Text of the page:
The NC Retail Merchants Association has information about seasonal hiring, retail sales and the new credit cards with embedded chips.
The good news is retail outlets are hiring for the holidays. The bad news for North Carolina is that the state will continue to lose tax revenue to increasing online sales, according to the association.
Here is the Merchants Association’s holiday report:
“NCRMA members report that some of their best hires come from the seasonal hiring process,” said Andy Ellen, president and general counsel.
“It’s a great way for someone to experience what it’s like to work in retail. If they like it, it can be a great foot in the door for full-time employment. The demand for seasonal workers is higher this year due to positive employment numbers and consumer spending.
“Retailers must be prepared to exceed expectations on in-store customer service. Part of the focus in recent years during the holiday season has been adding sales force to manage traditional holiday lines and crowds with mobile check-out options.”
• Many NCRMA member companies will offer part-time employees full-time employment and give current employees the option of working more hours, reducing the amount of training necessary and keeping knowledgeable staff in front of customers.
• NCRMA member companies have announced holiday hiring plans. Overall, the retail industry nationwide is expected to hire 755,000 temporary staff this year, which is consistent with last year’s numbers.
• Open positions include sales associates, mobile/social media marketers, customer service representatives in store and in call centers, as well as distribution center workers. North Carolina hourly rates for these positions range from $10 to $22 per hour, according to the U.S. Bureau of Labor Statistics.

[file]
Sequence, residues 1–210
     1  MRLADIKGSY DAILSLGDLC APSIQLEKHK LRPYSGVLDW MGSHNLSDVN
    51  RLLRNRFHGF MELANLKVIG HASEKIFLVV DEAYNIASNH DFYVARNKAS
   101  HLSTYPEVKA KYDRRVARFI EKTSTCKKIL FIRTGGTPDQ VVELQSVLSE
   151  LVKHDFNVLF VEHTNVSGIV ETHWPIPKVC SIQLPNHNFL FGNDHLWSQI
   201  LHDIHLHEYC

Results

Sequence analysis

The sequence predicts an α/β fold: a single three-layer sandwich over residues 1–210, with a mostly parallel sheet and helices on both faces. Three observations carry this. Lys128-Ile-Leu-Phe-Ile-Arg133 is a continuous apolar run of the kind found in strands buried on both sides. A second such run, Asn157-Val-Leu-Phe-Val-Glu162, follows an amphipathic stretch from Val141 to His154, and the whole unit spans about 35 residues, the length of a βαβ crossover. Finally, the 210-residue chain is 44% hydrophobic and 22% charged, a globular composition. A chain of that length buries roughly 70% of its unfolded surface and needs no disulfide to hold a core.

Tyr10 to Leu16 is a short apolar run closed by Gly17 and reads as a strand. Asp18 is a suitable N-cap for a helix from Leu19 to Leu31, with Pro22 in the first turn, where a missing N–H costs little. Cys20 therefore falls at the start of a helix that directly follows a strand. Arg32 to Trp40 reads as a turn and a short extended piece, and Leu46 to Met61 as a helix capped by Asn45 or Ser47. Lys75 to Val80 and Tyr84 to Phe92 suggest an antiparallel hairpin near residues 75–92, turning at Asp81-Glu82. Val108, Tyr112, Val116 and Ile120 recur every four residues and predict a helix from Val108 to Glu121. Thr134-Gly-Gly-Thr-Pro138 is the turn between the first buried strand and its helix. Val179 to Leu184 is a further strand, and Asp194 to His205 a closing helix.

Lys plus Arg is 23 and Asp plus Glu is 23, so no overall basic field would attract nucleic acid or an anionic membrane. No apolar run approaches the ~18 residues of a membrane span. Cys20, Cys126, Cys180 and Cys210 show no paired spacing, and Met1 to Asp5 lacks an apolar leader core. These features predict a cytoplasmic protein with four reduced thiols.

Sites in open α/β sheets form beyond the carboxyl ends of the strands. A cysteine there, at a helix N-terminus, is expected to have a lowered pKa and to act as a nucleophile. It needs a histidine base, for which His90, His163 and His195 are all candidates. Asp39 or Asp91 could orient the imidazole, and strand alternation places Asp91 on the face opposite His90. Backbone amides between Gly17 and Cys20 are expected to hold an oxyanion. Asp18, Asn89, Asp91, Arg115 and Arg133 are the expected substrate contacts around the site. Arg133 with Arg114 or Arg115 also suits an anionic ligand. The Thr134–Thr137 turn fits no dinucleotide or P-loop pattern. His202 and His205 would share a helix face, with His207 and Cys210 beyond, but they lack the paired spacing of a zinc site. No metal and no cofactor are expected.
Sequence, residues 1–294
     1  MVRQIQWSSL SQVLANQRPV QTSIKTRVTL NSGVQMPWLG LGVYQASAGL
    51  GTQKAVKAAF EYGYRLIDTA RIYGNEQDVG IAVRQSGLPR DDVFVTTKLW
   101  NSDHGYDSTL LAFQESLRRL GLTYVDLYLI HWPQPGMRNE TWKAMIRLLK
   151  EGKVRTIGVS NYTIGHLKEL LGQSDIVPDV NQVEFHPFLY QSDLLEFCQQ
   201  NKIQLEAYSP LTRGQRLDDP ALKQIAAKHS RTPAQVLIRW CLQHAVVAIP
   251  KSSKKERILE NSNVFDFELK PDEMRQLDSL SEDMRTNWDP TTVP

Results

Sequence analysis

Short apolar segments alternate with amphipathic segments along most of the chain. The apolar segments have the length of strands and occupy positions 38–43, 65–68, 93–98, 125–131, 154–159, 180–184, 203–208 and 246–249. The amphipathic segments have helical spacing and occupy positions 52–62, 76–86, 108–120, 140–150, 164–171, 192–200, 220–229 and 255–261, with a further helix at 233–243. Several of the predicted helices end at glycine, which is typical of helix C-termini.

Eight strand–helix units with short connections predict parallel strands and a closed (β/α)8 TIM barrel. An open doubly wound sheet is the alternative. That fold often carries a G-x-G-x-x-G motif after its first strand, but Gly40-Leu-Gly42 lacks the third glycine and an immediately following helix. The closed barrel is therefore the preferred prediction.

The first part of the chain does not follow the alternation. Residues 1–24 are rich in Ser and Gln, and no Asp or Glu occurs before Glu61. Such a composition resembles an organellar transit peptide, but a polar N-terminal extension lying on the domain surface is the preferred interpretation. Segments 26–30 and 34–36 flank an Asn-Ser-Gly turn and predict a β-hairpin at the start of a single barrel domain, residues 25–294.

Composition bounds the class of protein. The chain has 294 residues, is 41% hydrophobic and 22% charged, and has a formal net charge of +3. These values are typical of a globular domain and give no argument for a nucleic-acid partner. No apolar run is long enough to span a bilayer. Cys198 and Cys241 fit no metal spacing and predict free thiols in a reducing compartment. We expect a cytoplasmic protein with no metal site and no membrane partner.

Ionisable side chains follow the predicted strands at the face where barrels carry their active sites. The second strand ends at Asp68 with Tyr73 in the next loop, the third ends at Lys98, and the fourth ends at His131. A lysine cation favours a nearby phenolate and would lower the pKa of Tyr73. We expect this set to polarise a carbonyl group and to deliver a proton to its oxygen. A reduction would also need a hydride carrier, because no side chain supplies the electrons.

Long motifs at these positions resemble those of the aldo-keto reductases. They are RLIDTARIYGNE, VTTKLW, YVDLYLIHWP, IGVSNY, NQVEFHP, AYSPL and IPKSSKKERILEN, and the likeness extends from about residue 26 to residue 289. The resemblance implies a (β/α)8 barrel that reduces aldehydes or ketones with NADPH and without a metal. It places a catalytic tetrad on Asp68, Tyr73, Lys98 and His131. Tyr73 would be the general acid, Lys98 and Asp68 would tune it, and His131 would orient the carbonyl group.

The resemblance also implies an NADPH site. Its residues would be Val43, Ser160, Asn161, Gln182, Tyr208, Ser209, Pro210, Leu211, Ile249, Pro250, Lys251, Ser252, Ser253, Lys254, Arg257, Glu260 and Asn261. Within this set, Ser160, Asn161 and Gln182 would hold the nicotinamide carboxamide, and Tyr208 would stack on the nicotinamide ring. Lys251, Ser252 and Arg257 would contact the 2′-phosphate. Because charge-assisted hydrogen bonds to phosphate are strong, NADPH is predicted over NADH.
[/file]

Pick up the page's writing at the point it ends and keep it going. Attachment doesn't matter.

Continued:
• Belk expects to hire 900 seasonal employees this year in North Carolina where the company has 67 stores. Belk operates 297 stores in 16 Southern states.
• Best Buy plans to hire 550 seasonal employees at its stores in North Carolina. Nationwide, Best Buy has more than 1,400 stores and locations, including large-format and Best Buy Mobile stores, and employs more than 125,000 people nationwide.
• Kohl’s plans to hire 69,000 holiday workers, up from 67,000 last year, at stores, distribution centers and credit facilities nationwide. The company expects to hire an average of 50 temporary employees for each of its 1,100 stores around the nation. Kohl’s has 28 stores in North Carolina.
• Macy’s expects to hire 85,000 nationally. Approximately, 12,000 of these positions are for fulfillment centers. There are 12 department stores in North Carolina.
• Target expects to hire 70,000 seasonal employees nationally. The company has 48 stores in North Carolina.
• Walmart will hire approximately 60,000 seasonal associates nationwide. The company has 222 stores in the state that include its super centers, discount stores, neighborhood markets and Sam’s Clubs.
• Hiring is not only taking place at major chains, North Carolina’s independent retailers plan to hire, on average, two to three part-time sales associates for the three months leading up to Christmas.
• Small businesses work to control the costs of sourcing and hiring seasonal staff by recruiting via social media, relying on word of mouth or sometimes hiring family and friends.
“With the explosion of mobile commerce and the move to omni-channel, customers no longer think of digital versus physical retail,” said Ellen.
“Yet money earned in North Carolina slips out of the state when residents shop online with online-only retailers. No matter where a customer chooses to shop, one thing is crystal clear: when payment takes place in exchange for goods, a sale has occurred. When online-only retailers do not collect the sales tax, local retailers that are legally required to collect the sales tax are placed at a significant price disadvantage to their online counterparts.”